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Tuesday, August 1, 2017

Nancy MacLean’s Postmodern Rhetorical Strategy

Generations of postmodernism have laid the sub-cultural groundwork on which books like MacLean's can get published.

Nancy MacLean has written a postmodernist book, while her libertarian critics are writing modernist responses.

The critics point out the free-wheeling, fact-free, and conspiracy-tinged narrative MacLean has constructed, and they argue that logically her account does not fit the reality of James Buchanan’s life and writings.

All good and true.

Yet MacLean’s project is not about getting the “facts” right or about striving toward historical “truth.” And her fans are entirely unmoved by the criticisms. That’s because her project is an expressive projection of her group’s ideology in a politicized us-versus-them fray.

Rhetoric is a powerful tool in that fray and all of its devices – free association, ad hominem, overstatement, out-of-context quotation, guilt by association, emotionalism – are justified as necessities of the verbal warfare that intellectuals fight.

The Truth Doesn’t Matter to Postmodernists

MacLean is thus drawing upon a now-venerable postmodern tradition. Consider these examples.

MacLean’s former Duke University colleague Stanley Fish on why getting the facts right is now irrelevant: postmodern theory “relieves me of the obligation to be right… and demands only that I be interesting.”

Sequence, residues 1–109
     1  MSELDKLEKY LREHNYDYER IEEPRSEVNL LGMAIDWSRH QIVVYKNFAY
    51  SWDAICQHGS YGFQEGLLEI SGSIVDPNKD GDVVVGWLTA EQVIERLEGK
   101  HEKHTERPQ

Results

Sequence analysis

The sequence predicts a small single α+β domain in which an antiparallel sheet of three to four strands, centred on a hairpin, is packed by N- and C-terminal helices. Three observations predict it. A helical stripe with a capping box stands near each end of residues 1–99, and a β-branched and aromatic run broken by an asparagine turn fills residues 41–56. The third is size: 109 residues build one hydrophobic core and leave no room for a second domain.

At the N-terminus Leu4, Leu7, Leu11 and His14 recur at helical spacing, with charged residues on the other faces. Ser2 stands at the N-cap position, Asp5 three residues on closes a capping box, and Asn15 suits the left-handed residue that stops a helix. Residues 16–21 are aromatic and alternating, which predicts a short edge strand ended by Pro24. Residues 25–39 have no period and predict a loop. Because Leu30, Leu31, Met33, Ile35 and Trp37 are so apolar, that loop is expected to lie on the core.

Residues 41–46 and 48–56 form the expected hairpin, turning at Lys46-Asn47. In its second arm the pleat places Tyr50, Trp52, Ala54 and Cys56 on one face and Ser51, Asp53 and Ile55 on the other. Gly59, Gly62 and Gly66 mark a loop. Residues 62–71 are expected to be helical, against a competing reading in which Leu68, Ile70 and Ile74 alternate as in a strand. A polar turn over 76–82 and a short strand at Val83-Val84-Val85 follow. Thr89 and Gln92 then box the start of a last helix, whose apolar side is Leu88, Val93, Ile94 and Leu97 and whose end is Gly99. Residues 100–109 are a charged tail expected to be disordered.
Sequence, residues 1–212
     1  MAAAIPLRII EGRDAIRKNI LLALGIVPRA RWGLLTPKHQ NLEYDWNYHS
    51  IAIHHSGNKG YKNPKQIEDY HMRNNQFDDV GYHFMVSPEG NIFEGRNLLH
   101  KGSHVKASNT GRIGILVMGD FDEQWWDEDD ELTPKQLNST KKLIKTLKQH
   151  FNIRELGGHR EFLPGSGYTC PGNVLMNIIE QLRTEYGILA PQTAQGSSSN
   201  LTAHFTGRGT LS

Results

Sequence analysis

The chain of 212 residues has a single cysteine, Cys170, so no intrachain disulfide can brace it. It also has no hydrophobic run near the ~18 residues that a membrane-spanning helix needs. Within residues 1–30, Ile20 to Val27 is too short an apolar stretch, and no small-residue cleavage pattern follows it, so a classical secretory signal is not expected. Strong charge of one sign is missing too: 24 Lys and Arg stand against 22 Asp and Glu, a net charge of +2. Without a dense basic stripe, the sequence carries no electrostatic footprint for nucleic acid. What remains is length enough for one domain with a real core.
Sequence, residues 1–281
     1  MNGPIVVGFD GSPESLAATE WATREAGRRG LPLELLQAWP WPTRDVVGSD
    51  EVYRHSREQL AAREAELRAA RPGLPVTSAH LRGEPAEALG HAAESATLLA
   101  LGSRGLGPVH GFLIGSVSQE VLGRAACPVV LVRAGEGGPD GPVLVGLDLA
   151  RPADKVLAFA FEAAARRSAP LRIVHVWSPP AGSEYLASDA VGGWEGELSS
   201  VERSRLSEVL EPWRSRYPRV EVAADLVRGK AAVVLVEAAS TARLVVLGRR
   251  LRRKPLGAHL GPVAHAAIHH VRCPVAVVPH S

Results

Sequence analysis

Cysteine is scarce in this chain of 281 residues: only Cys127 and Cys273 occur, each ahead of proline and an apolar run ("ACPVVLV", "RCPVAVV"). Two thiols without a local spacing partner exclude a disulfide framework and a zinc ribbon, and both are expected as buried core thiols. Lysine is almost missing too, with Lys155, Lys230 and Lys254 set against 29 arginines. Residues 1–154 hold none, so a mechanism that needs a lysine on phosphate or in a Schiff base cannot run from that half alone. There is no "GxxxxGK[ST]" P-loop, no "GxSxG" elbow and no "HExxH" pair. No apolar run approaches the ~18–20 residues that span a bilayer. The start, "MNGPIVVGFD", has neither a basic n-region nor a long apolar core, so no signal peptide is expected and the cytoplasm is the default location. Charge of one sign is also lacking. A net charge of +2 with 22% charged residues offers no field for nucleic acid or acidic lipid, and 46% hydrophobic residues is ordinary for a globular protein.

Richard Rorty and the substitution of rhetorical attractiveness for fact-based argument:

Conforming to my own precepts, I am not going to offer arguments against the vocabulary I want to replace. Instead, I am going to try to make the vocabulary I favor look attractive by showing how it may be used to describe a variety of topics.”

Michel Foucault and the use of contradiction:

Discourses are tactical elements or blocks operating in the field of force relations; there can exist different and even contradictory discourses within the same strategy.

Another of MacLean’s colleagues at Duke, Fredric Jameson, on why all must be politicized:

Everything is ‘in the last analysis’ political.”

Yet another of MacLean’s colleagues at Duke, Frank Lentricchia, on indoctrination as the postmodern intellectual’s task:

As a professor … one seeks not to find the foundation and the conditions of truth but to exercise power for the purpose of social change.”

Forget About Objectivity

Her libertarian critics’ responses are important and necessary, but they are not sufficient as long as they assume a modernist framework and make modernist arguments.

Two generations of postmodernism have laid the sub-cultural groundwork within which books like MacLean’s can get published by university presses, and that groundwork enables MacLean and her fans to simply set aside concerns for objectivity and double-down on their subjective commitments.

That postmodern philosophical groundwork must also be challenged, uprooted, and replaced.

  • Stephen Hicks is Professor of Philosophy at Rockford University, Illinois.